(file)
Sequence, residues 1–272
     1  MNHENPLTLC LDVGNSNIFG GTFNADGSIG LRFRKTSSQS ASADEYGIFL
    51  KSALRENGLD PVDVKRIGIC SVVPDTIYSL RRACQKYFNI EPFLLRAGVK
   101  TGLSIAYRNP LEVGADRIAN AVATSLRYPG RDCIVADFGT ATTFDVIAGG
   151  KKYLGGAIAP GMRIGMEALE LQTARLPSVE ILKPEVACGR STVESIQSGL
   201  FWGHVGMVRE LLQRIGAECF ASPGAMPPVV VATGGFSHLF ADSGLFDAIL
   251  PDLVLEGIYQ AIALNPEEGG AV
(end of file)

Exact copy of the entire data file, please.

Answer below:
Sequence, residues 1–272
     1  MNHENPLTLC LDVGNSNIFG GTFNADGSIG LRFRKTSSQS ASADEYGIFL
    51  KSALRENGLD PVDVKRIGIC SVVPDTIYSL RRACQKYFNI EPFLLRAGVK
   101  TGLSIAYRNP LEVGADRIAN AVATSLRYPG RDCIVADFGT ATTFDVIAGG
   151  KKYLGGAIAP GMRIGMEALE LQTARLPSVE ILKPEVACGR STVESIQSGL
   201  FWGHVGMVRE LLQRIGAECF ASPGAMPPVV VATGGFSHLF ADSGLFDAIL
   251  PDLVLEGIYQ AIALNPEEGG AV